• This invention provides a quantitative method for efficiently evaluating the “quality” of each segment member as described above. Direct applications of this invention include:
      • a. Greater precision in creating gains charts, which are used to define how deep on a target list a direct mail campaign should be mailed
      • b. Superior market research (e.g. ability to observe quintessential segment members in focus groups and recruit them in qualitative research testing as described above)
      • c. The ability to remove people who “randomly” answer surveys from the analytic population
      • d. An enhanced understanding of truly “distinct” segments (e.g. a segment whose members are largely “In-Betweeners” and/or “Outliers” is a less attractive marketing target because it will be much harder to identify mathematically)
      • e. Evaluate the quality of the segmentation structure. If a segment is heavily populated with in-betweeners, it is probably a blend of 2 or more segments. This knowledge enables an empirical decision rule for increasing/decreasing the number of segments specified when clustering.

C. Methodology/components

    • 1. Establish Response-question Probabilities
      • a. For a question, k that has Lk possible answers, the probability (also known as “purposeful probability”) that answer value l is selected by observations (e.g. survey respondents) in segment m is estimated by P ^ m ( k , l ) = N m ( k , l ) N m ( 1 - δ · L k ) + δ ( 2 )
      • where
      • Nm=total number of observations in segment m
      • Nm(k, l)=the number of observations in segment m that gives the l-th answer to question k δ = min { 0.02 , 1 2 L }
      • b. If δ=0, then Pm(k, l) is the fraction of observations in segment m that provides answer value l to question k. To a certain extent, δ=0 is optimal but results in values that are far too precise for any practical use. The value for δ used by the inventors is a more conservative factor that was derived through empirical experimentation.
    • 2. Execute the following statistical analyses:
      • a. Percentage of questions answered correctly:
        • This is quite simply the percent of questions answered by a specific respondent that corresponds to the response modes of that person's segment.
      • b. Probability-based Score:
        • This calculation helps determine if a given individual is a “typical” member of his/her segment. A person assigned to this segment who “purposefully” selected his responses should have probabilities described by Pm(k, l). A person assigned to this segment through serendipity (i.e. randomly answered a certain number of questions that happened to place that person into a particular segment) has probabilities (also known as “serendipity probabilities”) described by 1 L k .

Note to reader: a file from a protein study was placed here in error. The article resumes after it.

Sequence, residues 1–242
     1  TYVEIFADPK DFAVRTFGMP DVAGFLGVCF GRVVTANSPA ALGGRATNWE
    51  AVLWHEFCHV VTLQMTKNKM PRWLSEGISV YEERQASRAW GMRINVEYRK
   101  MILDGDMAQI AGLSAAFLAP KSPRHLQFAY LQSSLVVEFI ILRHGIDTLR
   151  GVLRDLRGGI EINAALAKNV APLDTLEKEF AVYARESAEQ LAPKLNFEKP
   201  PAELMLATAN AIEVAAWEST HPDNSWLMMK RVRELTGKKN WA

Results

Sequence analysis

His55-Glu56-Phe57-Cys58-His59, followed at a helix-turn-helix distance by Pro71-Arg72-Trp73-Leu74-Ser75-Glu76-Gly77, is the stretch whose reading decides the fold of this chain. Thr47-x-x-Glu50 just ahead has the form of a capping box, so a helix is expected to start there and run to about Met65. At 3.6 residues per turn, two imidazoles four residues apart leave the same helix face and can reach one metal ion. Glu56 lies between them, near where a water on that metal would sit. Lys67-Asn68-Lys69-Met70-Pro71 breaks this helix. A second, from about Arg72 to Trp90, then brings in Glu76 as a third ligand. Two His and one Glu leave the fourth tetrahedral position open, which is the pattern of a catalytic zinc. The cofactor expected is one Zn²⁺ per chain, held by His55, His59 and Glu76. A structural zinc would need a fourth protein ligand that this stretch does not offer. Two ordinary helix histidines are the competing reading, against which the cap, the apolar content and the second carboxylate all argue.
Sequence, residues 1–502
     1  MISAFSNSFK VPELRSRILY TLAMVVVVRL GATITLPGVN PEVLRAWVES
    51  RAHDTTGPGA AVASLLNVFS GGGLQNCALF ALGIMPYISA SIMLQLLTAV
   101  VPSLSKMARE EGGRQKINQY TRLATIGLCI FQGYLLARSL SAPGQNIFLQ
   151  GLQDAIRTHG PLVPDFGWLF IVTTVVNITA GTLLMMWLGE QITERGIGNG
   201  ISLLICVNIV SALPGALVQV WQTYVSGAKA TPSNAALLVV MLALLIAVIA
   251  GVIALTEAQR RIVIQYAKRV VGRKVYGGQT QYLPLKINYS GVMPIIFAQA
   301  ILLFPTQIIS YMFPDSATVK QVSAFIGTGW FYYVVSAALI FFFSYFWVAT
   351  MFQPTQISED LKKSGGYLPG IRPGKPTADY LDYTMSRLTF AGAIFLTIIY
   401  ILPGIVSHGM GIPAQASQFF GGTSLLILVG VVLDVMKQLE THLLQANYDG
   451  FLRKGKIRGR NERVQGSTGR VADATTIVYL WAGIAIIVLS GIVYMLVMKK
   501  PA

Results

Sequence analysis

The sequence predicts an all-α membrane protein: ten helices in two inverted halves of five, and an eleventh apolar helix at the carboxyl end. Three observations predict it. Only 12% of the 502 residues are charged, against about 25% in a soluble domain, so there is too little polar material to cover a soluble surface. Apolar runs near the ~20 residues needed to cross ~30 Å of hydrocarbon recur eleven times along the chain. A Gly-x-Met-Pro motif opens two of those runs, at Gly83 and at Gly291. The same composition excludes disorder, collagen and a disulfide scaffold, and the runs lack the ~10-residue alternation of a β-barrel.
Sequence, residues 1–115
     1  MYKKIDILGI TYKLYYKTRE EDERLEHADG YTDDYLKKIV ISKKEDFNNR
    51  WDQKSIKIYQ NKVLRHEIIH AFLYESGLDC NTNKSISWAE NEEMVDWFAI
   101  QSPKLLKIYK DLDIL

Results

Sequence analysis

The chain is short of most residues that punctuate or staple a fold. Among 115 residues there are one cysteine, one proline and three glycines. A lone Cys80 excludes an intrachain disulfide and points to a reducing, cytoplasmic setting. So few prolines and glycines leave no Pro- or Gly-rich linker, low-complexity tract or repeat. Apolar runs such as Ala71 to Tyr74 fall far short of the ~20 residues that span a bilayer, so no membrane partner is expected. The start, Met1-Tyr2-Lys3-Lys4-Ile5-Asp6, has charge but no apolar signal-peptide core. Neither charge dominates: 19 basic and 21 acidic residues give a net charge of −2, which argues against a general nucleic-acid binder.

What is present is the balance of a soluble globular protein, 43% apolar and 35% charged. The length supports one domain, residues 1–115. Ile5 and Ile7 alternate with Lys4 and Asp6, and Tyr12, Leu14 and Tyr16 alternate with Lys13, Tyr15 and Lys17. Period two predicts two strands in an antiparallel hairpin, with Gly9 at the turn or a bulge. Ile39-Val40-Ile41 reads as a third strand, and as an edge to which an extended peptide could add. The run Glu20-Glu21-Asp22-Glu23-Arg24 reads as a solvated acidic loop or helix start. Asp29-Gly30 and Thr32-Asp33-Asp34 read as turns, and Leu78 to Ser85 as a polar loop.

• The score is calculated by taking the log of the ratio of:
          • The probability of observing the answers actually in the dataset, if the probabilities of answering are Pm(k, l) to
          • The probability of observing the answers actually in the dataset, if the probabilities of answers are 1 L k
      • c. Segment membership probability score:
        • Suppose that Pm(k, l) truly represents the probability that an individual in segment m responds answer value l to question k
        • Suppose that (before the individual answers any questions) that s/he is equally likely to belong to each of the segments
        • Observing that individual's answers illuminates the probability that that individual belongs in each particular segment
        • Use the well-known Bayes' Theorem to calculate the probability of that individual belonging to each segment, conditional on his answers.
          • Bayes' Theorem is:
          • Let A1, A2 . . . , Ak be a collection of K mutually exclusive and exhaustive events with P(A1)>0 for i=1 . . . , K. Then for any other event B for which P(B)>0 P ( A j / B ) = P ( A j B ) P ( B ) = P ( B / A j ) P ( A j ) i = 1 K P ( B / A i ) · P ( A i )
          •  where j=1, . . . , K
        • In this case, let Zik be the answer value that individual i gives to question k so that P ( Segment for individual I = m | answer ) = k = 1 K P ^ m ( k , Z ik ) j = 1 M k = 1 K P ^ j ( k , Z ik )
        • All 3 statistical analyses can easily be executed using any statistical software package or programming language with extensive mathematical functionality.